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Slicing Up Content

18th August 2021 at 10:55am

A large portion of the power of TiddlyWiki lies in its ability to reuse content in different contexts. The best way to create opportunities for reuse is to slice content up into tiddlers appropriately. The value of this kind of slicing will become much more obvious once you learn about filters in chapter 3 and transclusions in chapter 4. However, there is already value even when our only means of reusing content is linking to it, and it's a good idea to start thinking about these issues now regardless, so that you'll be prepared to integrate the ideas you learn in those chapters.

What makes an appropriately sliced tiddler?

Many new users of TiddlyWiki start by creating what experienced users would consider monster tiddlers, containing pages-long bulleted lists, lots of headings and subheadings, and so on. As such, a good rule of thumb, when you're getting started, is to create more tiddlers than you think you should. Another good rule of thumb is that a tiddler shouldn't get so large that it doesn't fit on your screen without scrolling (exactly how large this means the tiddler is of course depends a great deal on what kind of monitor you're using, but unless you are using a truly tiny monitor at low resolution, it's unlikely to suggest your tiddlers should be too small).

However, while size does matter, it's not the critical factor in how content should be broken up into tiddlers. After all, if it were, TiddlyWiki could break our content up into lots of tiddlers all by itself, perhaps using one tiddler per paragraph or word, and save us some work. Dividing content into tiddlers really has more to do with conceptual boundaries than physical ones – that is, the appearance of the text or other content on the screen isn't important, but rather how the objects and ideas described by the content relate to each other.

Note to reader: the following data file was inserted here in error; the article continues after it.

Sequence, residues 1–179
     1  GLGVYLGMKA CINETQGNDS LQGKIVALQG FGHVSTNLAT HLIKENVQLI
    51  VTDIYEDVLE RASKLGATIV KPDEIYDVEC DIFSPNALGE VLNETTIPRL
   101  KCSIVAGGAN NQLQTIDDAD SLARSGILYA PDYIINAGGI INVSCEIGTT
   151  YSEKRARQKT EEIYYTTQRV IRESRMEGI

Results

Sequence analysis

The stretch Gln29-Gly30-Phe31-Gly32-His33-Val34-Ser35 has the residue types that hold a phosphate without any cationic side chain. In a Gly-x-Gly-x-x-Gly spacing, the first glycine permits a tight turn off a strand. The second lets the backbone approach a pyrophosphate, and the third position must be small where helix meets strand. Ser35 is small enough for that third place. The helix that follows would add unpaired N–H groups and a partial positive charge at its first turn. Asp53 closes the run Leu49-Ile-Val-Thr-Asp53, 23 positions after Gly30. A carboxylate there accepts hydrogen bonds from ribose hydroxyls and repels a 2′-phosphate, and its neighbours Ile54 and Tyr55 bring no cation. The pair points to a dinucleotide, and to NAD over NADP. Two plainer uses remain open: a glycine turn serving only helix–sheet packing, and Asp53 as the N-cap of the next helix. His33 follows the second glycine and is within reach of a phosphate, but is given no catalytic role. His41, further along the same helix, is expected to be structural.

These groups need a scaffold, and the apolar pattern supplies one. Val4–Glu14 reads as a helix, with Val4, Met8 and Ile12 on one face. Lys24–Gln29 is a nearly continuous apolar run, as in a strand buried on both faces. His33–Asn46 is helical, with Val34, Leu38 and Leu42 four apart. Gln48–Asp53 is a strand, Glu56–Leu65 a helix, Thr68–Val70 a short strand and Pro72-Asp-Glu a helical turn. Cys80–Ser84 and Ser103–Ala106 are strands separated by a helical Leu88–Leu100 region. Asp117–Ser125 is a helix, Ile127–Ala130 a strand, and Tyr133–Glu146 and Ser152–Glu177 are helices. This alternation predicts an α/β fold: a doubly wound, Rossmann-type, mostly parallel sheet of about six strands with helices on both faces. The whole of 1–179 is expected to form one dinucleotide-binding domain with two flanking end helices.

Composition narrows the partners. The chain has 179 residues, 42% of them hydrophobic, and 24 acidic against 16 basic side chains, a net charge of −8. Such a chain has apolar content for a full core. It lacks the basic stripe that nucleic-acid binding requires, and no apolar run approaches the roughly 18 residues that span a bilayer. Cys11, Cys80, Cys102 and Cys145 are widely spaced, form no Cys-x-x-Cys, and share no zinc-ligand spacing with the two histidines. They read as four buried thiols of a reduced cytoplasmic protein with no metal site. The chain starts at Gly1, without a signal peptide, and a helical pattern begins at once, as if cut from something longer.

We will now benefit from a new metaphor for tiddlers. Tiddlers serve as models of nouns – people, things, ideas. Nouns have various properties or aspects; we represent this by adding fields, like phone number, source, author, temperature, and so on, to our tiddlers.

Simple nouns may be sufficiently described by several of these fields. More complex ones likely also need some text that we write out to describe them – but since TiddlyWiki can't understand and reuse the content in the text field as well as it can the content in our other custom fields, it's best to be sure that we can't store the information in a field before writing it in the text field. For instance, we shouldn't create a bulleted list like this in a tiddler describing a person:

  • Phone number: (212) 555-1234
  • Email: alice@example.com
  • Address: …

This is all information we could easily place in fields, and then we would be able to refer to it from other tiddlers and in searches in the future.

Nouns also relate to other nouns. For instance, they might be part of another noun (tagged with that noun), similar to another noun (linked to that noun), or any number of other relationships (if the precise type of relationship is important, we can create a field named for that relationship, as we did in Contact Tiddlers for the contact's manager and family members).

Tiddlers can serve in several more complicated roles as well. They still model nouns, but those nouns do more than just store information about a thing:

  • They can gather together lists of other nouns that meet some criteria; in this way, they act like sentences, enumerating and expressing the relationships between other things. Their titles can then give the relationship a concise name. We'll learn about this role in chapter 3, specifically when we create dynamic lists.
  • They can modify the way we see other tiddlers; in this way, they act like lenses. We'll learn about this role in chapter 4, specifically in the section on templates.
  • They can perform actions and modify other nouns; in this way, they act like machines. We'll learn about this role in chapter 6 and chapter 7.

To summarize, the key discipline of slicing up your tiddlers is to consider what noun(s) you're modeling, and ensure that only content related to each noun ends up in its tiddler, creating more tiddlers and relating them together as necessary to express more complex ideas.